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My horse and I are a team. We are not equal – I am the lead mare. We work together to accomplish a goal, but when it comes down to it… my horse is the lowest on the totem pole. I am number one. The halter and lead rope is number two, and my horse will respect those just as much as he respects me. I supply the food, I make him feel safe and I ensure he is taken care of. He is my partner, but he is not my equal. As far as I’m concerned, he can be the head honcho of his pen and his food and his ‘territory’ until I step into it and then it’s mine until I give it back. It may sound harsh, but that’s life in a herd. My horse is comfortable with the pecking order and he is confident in my role as lead mare. Whenever he is uncertain, he defers to me. When he is in a new place that’s a little bit scary, he will always stand just off my shoulder and wait for my direction. This is the relationship I strive to have with my horse. It is not abusive… it is working. We both understand our roles and we rise to them. There is not a doubt between the two of us where the other stands and in turn, that keeps us both safe, happy and constantly growing as a team.
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post #189 of 297 Old 08-09-2011, 08:56 PM
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To be utterly cynical about it, I would suggest that the behaviour of all organisms, including us, is dictated to a large extent by the Skinnerian paradigm of operant conditioning. That means a behaviour increases or decreases depending on the nature of the reinforcement. Behaviour increases in frequency when it is positively reinforced and it also increases when a negative reinforcer is removed. Behaviour decreases in frequency when the outcome is punishment. You can have either a positive punishment, which can be either the removal of something the organism wants, or the direct application of an unpleasant stimulus.

Pretty much all horse training systems I have encountered are fundamentally based on these principles, whether the systems are classified as natural horsemanship or not. How do you think pressure and release works? The release rewards the behaviour you want, which will then hopefully increase. That's why timing is so fundamentally important -- the horse needs have an idea of what he did that stopped you from applying pressure. Most good horsemen and women apply all types of operant conditioning, as needed in the situation at hand.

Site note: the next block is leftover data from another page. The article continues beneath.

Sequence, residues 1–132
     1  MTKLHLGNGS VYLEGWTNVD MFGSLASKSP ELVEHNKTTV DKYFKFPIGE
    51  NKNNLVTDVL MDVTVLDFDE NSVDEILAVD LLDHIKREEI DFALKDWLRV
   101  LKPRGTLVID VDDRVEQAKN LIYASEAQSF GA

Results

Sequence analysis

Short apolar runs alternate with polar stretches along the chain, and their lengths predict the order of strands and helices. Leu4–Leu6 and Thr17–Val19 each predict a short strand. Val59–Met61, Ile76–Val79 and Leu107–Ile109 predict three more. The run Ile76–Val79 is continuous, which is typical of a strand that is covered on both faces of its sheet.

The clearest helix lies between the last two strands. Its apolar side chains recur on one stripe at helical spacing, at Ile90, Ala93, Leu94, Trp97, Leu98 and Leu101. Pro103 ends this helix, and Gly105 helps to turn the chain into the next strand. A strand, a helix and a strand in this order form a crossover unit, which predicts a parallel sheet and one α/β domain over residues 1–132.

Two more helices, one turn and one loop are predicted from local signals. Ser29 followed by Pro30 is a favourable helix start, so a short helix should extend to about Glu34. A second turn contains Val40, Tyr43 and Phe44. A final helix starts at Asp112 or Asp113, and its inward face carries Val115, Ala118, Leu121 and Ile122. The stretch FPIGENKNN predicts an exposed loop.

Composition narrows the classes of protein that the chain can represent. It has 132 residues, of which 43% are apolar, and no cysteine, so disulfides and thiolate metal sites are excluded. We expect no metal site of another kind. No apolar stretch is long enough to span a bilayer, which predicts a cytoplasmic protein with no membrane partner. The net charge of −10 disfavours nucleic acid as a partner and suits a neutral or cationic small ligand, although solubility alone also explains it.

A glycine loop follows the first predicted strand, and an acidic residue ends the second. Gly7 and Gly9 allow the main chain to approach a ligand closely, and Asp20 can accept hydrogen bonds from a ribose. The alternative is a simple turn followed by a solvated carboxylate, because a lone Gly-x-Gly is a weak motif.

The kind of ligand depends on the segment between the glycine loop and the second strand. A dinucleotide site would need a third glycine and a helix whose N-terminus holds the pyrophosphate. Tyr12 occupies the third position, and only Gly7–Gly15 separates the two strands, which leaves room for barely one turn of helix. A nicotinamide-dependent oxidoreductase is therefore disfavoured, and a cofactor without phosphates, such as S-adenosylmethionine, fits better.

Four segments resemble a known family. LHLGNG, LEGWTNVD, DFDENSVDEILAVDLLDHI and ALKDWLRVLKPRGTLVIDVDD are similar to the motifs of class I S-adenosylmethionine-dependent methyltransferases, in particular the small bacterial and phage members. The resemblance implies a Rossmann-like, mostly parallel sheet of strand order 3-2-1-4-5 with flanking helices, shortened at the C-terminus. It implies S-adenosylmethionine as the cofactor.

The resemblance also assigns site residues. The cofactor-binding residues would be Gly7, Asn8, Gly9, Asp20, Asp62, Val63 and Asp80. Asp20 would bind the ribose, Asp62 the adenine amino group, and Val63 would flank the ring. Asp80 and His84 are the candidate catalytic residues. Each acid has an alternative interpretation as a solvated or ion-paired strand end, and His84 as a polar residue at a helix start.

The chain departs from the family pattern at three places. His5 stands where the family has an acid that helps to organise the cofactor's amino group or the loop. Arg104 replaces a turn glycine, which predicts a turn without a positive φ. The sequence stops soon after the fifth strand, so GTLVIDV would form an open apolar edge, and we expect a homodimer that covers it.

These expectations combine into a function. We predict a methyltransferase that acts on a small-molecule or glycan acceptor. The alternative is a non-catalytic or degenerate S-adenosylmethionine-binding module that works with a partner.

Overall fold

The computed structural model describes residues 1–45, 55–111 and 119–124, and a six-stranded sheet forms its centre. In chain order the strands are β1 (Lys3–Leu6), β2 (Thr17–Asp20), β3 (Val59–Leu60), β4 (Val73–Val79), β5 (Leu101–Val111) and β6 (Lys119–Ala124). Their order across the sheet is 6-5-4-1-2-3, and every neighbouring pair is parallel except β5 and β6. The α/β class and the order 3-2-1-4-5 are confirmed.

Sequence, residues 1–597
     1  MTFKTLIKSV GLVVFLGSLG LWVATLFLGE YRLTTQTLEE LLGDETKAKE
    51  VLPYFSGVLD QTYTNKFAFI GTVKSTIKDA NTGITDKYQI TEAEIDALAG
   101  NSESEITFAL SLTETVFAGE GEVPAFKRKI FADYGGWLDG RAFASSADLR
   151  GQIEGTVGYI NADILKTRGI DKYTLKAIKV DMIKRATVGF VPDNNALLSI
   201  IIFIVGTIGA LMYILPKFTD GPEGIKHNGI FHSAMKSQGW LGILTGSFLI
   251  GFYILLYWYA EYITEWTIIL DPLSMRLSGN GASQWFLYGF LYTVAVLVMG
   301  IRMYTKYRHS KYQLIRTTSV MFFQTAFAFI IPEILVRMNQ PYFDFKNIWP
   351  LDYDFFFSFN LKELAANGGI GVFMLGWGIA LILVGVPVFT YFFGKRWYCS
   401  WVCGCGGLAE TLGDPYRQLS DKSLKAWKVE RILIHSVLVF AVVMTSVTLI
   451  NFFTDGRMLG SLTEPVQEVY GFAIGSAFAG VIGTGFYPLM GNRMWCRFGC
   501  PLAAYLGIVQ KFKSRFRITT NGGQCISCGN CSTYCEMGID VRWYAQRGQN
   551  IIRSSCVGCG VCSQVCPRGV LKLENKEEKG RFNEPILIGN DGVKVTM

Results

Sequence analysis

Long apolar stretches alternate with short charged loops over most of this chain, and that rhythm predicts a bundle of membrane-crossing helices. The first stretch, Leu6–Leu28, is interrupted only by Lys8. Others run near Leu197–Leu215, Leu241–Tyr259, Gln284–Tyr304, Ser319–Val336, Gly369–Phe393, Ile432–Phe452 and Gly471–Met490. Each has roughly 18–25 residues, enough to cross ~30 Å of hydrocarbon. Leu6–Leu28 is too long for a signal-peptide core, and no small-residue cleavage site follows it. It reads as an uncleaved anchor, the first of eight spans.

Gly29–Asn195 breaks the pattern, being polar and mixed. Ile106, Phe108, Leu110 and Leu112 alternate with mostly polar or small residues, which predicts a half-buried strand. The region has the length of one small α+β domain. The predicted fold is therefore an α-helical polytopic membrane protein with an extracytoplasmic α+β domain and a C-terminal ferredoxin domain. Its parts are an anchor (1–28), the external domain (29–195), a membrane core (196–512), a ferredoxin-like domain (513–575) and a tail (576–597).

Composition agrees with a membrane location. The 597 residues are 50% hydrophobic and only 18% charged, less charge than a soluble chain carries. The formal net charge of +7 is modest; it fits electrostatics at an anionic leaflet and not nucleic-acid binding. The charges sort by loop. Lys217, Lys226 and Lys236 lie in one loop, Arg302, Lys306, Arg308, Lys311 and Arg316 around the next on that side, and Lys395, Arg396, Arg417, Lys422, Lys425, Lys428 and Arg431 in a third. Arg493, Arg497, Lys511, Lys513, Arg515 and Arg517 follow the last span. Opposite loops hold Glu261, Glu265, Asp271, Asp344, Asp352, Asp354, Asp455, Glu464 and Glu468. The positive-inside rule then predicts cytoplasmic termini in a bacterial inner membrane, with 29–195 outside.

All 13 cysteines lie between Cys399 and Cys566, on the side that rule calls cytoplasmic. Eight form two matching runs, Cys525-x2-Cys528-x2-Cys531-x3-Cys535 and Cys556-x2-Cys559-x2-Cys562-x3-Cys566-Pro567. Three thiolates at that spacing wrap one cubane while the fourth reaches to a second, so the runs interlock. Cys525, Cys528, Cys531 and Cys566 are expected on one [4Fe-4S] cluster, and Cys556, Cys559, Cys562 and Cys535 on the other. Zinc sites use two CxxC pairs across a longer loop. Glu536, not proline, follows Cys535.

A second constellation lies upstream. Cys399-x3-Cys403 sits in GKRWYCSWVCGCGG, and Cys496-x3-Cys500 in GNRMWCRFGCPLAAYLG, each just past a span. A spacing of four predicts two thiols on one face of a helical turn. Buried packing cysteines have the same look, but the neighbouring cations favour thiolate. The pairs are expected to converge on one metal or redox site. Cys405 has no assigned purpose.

I could pick every NH training system apart and find these ideas underpinning all of it, same as any good non-NH trainer. But -- as as been said here before -- it's handy as an explanatory tool for people. Talking about pressure, release, timing, feel, etc. sounds far more friendly than explaining more or less the same thing in the technical academic terms I used above. :)

On top of that, I'd emphasise the importance of an understanding of equine behaviour, body language, and cognition. Such knowledge gives you the means to set up situations in which desirable behaviour can be rewarded and also the ability to communicate a reward or the application and release of pressure effectively. Improving understanding of this doesn't erode the operant conditoning at the heart of all training but it does give us tools for employing it more clearly and effectively.

While I think I have a good relationship with my horse, we trust each other, etc (I guess you never know for sure, but all the evidence I have supports that hypothesis), I've read Skinner and she hasn't, which puts me in a position of power in terms of my ability to get her to do things.

Last edited by thesilverspear; 08-09-2011 at 09:05 PM.
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post #190 of 297 Old 08-10-2011, 05:11 AM
Doe
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Quote:
Doe, you can write that again.
I'll share a bottle of wine with you any time - red or white?
Barry I'm definitely a Red guy.......or beer.....or Guinness.....or whiskey......bourbon.....er and if there's none of that left....White!!

Quote:
Doe I think you should go help Barry pack and you both should come to the US and find your inner cowboy. We could have a hell of a good time
Kevin don't tempt me, I could think of nothing better!

Cheers guys

Last edited by Doe; 08-10-2011 at 05:15 AM.